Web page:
Session Title: AMD I
Session Date/Time: Thursday 17/09/2015 | 08:30-10:30
Paper Time: 10:06
First Author: : M.Nicolo ITALY
Co Author(s): : A. Puddu R. Sanguineti G. Viviani C. Traverso
PURPOSE:Members of the vascular endothelial growth factor (VEGF) family, such as VEGF-A and Placental Growth Factor (PlGF), play a critical role in angiogenesis. Synergism between VEGF-A and PlGF contributes to both physiological angiogenic processes and pathological plasma extravasation. Ranibizumab (RBZ), an anti-VEGF-A molecule, and Aflibercept (AFL), a recombinant decoy receptor that binds both VEGF-A and PlGF, are widely employed to treat age-related macular degeneration (AMD). The aim of this study is to investigate whether treatments with RBZ or AFL activate different responses in an in vitro models of RPE and endothelial cells in co-culture.
Department of Internal Medicine and Department of Neuroscience, Ophthalmology, Genetics and Maternal Science - University of Genova, Italy
Human RPE (ARPE-19) and endothelial (HECV) cells were co-cultured in DMEM low glucose and 10% FBS. Cells were treated with clinical doses of either RBZ (0.125 mg/ml) or AF (0.5 mg/ml) for 24 (T1) and 72 (T2) hours. At every experimental timepoint we evaluated: cell viability (via fluorimetric assay); mRNA expression and protein secretion of VEGF-A and PlGF (via RealTime-PCR and ELISA).
Cell viability was not affected by exposure to RBZ or AFL. Treatment with RBZ maintained mRNA levels of VEGF-A and PlGF comparable to those observed in control cells. As expected, treatments with RBZ prevented detection of VEGF-A in surpernatants of cells at every time points. Although culture with RBZ did not affect secretion of PlGF at T1, RBZ significantly decreased it at T2. Treatment with AFL strongly increased VEGF-A gene expression at T1 in both cell lines, and at T2 only in HECV. Moreover culture with AFL enhanced mRNA levels of PlGF in ARPE-19 cells at T1. As expected, treatments with AFL prevented detection of VEGF-A and PlGF in surpernatants of cells at both time points.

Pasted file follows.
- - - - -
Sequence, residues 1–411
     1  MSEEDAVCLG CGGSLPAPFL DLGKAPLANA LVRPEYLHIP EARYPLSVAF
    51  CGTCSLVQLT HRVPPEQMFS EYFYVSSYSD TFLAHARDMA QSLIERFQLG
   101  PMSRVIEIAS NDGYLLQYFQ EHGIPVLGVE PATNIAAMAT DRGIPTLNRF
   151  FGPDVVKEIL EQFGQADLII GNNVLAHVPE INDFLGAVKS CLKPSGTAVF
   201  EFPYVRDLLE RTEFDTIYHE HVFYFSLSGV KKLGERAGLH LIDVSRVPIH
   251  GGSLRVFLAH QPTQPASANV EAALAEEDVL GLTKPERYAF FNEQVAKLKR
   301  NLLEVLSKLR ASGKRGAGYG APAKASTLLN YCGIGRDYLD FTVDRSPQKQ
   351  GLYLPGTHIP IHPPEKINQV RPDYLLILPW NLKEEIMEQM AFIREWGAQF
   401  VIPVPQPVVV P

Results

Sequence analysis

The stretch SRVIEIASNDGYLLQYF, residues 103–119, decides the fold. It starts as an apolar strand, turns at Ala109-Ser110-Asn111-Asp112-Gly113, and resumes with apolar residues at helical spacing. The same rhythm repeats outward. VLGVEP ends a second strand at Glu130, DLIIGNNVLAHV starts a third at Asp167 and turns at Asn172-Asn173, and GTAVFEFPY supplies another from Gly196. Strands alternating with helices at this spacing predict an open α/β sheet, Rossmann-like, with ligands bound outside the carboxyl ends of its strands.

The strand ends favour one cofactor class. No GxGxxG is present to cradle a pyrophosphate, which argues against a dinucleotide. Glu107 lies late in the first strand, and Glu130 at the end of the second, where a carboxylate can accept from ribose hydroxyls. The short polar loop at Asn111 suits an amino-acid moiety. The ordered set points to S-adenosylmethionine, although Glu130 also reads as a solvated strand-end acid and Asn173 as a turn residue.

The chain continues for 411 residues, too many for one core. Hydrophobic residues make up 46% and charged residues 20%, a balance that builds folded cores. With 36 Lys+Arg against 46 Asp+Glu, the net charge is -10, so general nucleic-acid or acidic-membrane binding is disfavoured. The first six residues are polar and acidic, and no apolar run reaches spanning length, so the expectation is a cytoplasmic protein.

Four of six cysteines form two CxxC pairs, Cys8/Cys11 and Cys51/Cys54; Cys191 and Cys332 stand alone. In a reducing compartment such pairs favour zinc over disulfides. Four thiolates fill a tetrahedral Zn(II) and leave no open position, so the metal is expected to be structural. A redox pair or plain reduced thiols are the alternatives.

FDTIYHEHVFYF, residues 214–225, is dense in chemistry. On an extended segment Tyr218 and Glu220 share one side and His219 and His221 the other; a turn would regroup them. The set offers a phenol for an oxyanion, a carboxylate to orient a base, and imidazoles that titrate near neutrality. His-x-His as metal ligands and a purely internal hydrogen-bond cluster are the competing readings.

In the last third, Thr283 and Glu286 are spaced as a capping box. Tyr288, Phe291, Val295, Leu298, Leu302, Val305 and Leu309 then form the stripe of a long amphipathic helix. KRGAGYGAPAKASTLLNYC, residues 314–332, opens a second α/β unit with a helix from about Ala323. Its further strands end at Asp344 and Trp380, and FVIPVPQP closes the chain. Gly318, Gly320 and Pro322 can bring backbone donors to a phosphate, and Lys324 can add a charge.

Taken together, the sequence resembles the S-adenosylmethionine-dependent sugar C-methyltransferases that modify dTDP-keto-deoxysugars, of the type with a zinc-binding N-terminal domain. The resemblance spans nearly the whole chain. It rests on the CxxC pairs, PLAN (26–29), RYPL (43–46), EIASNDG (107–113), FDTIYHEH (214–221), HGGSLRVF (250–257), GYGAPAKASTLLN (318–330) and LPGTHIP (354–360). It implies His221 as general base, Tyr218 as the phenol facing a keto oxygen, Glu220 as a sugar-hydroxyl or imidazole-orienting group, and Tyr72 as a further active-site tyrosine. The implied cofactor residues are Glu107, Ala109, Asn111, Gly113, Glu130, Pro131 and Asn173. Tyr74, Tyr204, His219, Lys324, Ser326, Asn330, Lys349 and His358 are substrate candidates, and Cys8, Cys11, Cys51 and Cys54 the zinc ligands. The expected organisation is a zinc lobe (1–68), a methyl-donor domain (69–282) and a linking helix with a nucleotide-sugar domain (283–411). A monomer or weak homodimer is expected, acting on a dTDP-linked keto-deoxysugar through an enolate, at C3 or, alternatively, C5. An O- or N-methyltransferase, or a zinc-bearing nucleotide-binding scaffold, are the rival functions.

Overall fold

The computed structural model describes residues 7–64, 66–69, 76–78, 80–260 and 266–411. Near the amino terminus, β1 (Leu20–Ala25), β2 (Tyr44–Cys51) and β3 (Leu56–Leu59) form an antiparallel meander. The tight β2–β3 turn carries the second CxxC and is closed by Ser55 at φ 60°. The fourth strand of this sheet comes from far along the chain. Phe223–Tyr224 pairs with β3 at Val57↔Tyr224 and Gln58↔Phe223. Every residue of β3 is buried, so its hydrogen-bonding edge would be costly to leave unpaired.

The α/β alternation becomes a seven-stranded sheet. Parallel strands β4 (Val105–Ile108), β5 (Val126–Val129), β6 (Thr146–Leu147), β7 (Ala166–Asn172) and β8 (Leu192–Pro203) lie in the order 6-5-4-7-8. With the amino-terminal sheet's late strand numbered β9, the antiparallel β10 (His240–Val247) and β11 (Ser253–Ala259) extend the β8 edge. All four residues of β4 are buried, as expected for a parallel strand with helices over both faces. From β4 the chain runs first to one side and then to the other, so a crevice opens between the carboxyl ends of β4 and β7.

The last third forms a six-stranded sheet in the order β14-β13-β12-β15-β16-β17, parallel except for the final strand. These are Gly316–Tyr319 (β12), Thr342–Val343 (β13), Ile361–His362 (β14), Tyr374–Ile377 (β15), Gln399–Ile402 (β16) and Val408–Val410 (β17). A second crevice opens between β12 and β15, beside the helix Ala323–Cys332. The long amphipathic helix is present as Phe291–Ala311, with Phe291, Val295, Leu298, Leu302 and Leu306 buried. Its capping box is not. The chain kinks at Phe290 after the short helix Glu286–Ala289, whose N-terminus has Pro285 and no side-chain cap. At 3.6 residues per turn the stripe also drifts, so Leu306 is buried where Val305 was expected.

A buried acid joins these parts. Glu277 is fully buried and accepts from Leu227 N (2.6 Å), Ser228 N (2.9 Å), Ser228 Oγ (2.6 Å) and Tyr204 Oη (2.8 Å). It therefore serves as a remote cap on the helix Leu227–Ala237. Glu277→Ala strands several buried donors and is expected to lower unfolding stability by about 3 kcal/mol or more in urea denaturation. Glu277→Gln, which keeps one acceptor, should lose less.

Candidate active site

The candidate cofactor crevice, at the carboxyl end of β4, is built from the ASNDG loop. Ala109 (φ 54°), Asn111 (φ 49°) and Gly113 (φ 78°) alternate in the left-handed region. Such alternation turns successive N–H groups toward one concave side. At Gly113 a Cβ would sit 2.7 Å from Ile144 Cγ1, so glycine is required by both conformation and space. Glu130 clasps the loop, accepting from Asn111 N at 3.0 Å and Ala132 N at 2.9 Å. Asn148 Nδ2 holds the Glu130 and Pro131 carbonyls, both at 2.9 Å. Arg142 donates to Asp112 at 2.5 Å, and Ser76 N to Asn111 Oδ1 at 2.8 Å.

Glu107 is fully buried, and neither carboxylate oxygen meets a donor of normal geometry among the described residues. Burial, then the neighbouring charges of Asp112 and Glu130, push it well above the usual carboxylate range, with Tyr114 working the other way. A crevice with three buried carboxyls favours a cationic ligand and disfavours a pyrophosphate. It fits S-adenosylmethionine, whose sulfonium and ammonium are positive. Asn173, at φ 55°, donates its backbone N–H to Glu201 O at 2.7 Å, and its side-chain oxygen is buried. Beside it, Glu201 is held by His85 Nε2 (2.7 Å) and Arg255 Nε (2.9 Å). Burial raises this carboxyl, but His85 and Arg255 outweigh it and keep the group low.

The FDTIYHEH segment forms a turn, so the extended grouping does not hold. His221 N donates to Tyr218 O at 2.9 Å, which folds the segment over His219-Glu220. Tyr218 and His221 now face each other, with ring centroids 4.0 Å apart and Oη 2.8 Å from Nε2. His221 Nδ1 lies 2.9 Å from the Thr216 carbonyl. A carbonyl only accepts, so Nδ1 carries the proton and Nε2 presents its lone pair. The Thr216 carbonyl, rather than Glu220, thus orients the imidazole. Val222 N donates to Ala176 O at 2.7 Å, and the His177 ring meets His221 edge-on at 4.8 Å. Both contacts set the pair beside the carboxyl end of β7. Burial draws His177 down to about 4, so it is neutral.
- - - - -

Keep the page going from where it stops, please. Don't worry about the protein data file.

The main interesting finding of this study is that prolonged exposure to RBZ decreases the release of PlGF in comparison to control, suggesting that blockage of VEGF-A may contribute to reduce PlGF amount. The decreased amount of PlGF from cells treated for 72h with RBZ is not related to lowered mRNA levels, suggesting that other mechanisms are involved in this process. Furthermore these results suggest that mRNA expression of VEGFs was differently regulated by clinical dose of RBZ or AFL, as revealed by RT-PCR: while the blockage of VEGF-A did not induce a compensatory response in these cells, the concomitant blockage of PlGF caused by AFL up-regulated mRNA levels of VEGF-A in both cell types. Since it has been proposed that PlGF contributes to stimulate angiogenesis by displacing VEGF-A from the binding to VEGFR-1, thereby increasing the fraction of VEGF-A available to activate VEGFR-2, our findings related to AFL may be due to the loss of this “braking signal”. In conclusion these results highlight that blockage of VEGF-A due to the chronic exposure to RBZ leads to progressive reduction of PlGF, on the contrary, drastic depletion of PlGF caused by AFL may lead to sustained activation of endothelial cells.